By Pinky Dalal, Founder and Chairperson JBCN International School
Any discussion on mindfulness in education must start with a few basic questions. What is the purpose of education? How can education prepare our children for the challenges they will face as adults?
Is the purpose of education simply to cram children with more and more content knowledge, equip them to take examinations, crack those dreaded entrance tests, plant a victory flag on a highly coveted college admission and finally, to plot a career trajectory that guarantees a fat pay check and a swishy life style? Most evolved parents would agree that there is more to education and success than this.
The world seems to be full of adults who in the pursuit of this rather narrow vision of success, have ended up suffering from what has come to be termed, ‘toxic stress’ – stress that most people simply cannot cope with or have no tools to deal with. Mental health problems are on the rise as are stress-related illnesses.
If we extend the measure of a person’s success to a more holistic one that goes beyond material acquisitions and career growth, to one that includes a richer life, replete with peace, contentment, good health and the wherewithal to look beyond one’s own narrow interests to those of the world at large, it becomes absolutely imperative to begin with our children and create a programme of education that gives high priority to mindfulness and to social and emotional learning. So, what is mindfulness? While definitions may vary, mindfulness is essentially the practice of being truly present in each moment, to observe one’s thoughts and emotions, and to take a non-judgemental approach towards oneself and others, replacing it with a position of empathy and compassion.
On any given school day, children cope with a host of demanding forces– academic, social and emotional- that can be truly overwhelming. They often deal with extreme pressure to succeed, bullying, inability to make friends or gain entry into ‘cool’ social groups, causing lowered self-confidence and an increased sense of shame, hopelessness and isolation. Educators have observed that children increasingly demonstrate lower levels of generosity and tolerance and are poor at reading other people’s emotions or tolerating points of view that may be different from their own. While high levels of childhood stress have been linked to the development of health problems in adults, stressful events have an almost immediate impact on a child’s health and well-being, eventually leading to a variety of physical and mental problems and even learning disabilities. Mindfulness in education has huge benefits for students, both in terms of their academic success, as well as their development into happy, healthy, well-adjusted, empathic and competent adults. Educators report that bringing mindful practices into classrooms results in an almost 80% improvements in students’ ability to channel attention, sustain motivation, regulate emotions and engage with academic work.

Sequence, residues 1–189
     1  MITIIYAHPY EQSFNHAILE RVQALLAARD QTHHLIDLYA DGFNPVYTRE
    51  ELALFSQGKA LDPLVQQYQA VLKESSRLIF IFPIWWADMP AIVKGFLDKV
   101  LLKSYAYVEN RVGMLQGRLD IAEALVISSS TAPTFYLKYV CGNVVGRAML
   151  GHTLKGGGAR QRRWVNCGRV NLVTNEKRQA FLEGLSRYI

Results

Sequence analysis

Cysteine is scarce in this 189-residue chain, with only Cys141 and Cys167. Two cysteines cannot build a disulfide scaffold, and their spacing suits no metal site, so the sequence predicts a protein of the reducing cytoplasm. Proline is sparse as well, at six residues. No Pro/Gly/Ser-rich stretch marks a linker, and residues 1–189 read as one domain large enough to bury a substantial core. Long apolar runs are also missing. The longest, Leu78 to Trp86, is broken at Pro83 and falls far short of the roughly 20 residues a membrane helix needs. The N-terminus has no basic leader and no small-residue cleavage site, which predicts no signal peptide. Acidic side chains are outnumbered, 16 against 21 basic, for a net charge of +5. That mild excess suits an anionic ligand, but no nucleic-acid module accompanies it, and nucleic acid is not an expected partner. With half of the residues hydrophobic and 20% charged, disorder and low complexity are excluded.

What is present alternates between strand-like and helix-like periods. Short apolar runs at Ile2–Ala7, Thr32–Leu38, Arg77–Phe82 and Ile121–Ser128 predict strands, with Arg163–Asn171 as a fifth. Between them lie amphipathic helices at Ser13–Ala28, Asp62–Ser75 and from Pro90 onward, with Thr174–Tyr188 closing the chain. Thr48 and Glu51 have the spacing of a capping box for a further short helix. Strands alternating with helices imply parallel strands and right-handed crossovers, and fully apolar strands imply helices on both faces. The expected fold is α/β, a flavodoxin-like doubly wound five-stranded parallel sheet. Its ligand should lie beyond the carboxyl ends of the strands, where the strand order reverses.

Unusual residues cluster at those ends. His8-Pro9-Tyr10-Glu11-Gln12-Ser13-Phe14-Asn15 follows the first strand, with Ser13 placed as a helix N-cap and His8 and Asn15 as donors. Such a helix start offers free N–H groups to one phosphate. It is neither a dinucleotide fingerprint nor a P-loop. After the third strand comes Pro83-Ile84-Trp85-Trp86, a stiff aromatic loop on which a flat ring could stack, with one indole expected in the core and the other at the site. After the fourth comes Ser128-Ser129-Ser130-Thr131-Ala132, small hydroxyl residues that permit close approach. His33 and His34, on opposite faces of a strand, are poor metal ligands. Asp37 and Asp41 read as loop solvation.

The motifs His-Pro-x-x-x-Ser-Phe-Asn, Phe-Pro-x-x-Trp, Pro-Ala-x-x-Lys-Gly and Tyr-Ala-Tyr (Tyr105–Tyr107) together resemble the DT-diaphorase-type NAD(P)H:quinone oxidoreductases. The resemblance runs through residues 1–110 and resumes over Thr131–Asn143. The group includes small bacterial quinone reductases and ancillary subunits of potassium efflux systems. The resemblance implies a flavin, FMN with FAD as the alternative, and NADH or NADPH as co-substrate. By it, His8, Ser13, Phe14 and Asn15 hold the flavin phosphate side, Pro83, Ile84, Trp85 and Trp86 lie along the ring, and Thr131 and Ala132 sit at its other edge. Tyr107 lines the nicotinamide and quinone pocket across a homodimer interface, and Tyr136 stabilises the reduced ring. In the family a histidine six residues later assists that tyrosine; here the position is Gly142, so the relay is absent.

It seems quite obvious that if our emotions are in disarray, our ability to think clearly and well would be impaired. The pre-frontal cortex of the brain is not only responsible for higher level cognitive processes but also for the processing and regulation of emotions. In fact, it is virtually impossible to separate academic success from the positive management of students’ feelings and emotions. When children and young people learn to live more ‘in the moment’ and to be less anxious, they often find they can pay better attention and improve the quality of their performance, in the classroom and on the sports field. Mindful practices help students to think in more innovative ways, apply knowledge more competently, improve memory, and enhance planning, problem solving, and reasoning skills.
Years of research on the impact of effective social-emotional learning programmes in schools make it clear that mindfulness practices reduce behavioural problems among students, building skills for long term mental health. Students report reduced stress and anxiety, improved sleep and self-esteem and the ability to control impulsive behaviour.
Mindfulness also appears to have a positive impact on students’ social skills. Through practice, students learn greater self-control and respect for others and get better at solving interpersonal problems. They are better at sharing and demonstrate greater empathy towards others.
However, all of these wonderful benefits of mindful practice in classrooms would be quite ineffective without adult role models - both parents and teachers- demonstrating the required emotional intelligence, self awareness, and interpersonal skills that are so intrinsic to mindful people. JBCN Education recently hosted a conference on ‘Mindfulness in Education’, under the aegis of NLE (Nation of Learning Excellence), its teacher professional development arm, where eminent speakers, ranging from industry stalwarts to senior educators and sports psychologists, shared with educators the importance of incorporating mindful practices in schools.
While the immediate outcomes of a mindful education in schools would be better academic achievement and the improved psychological well-being of our children, it holds out tremendous hope for a kinder, calmer and more compassionate world for us all in future. In today’s increasingly polarised and conflict-ridden scenario, this might be our only hope.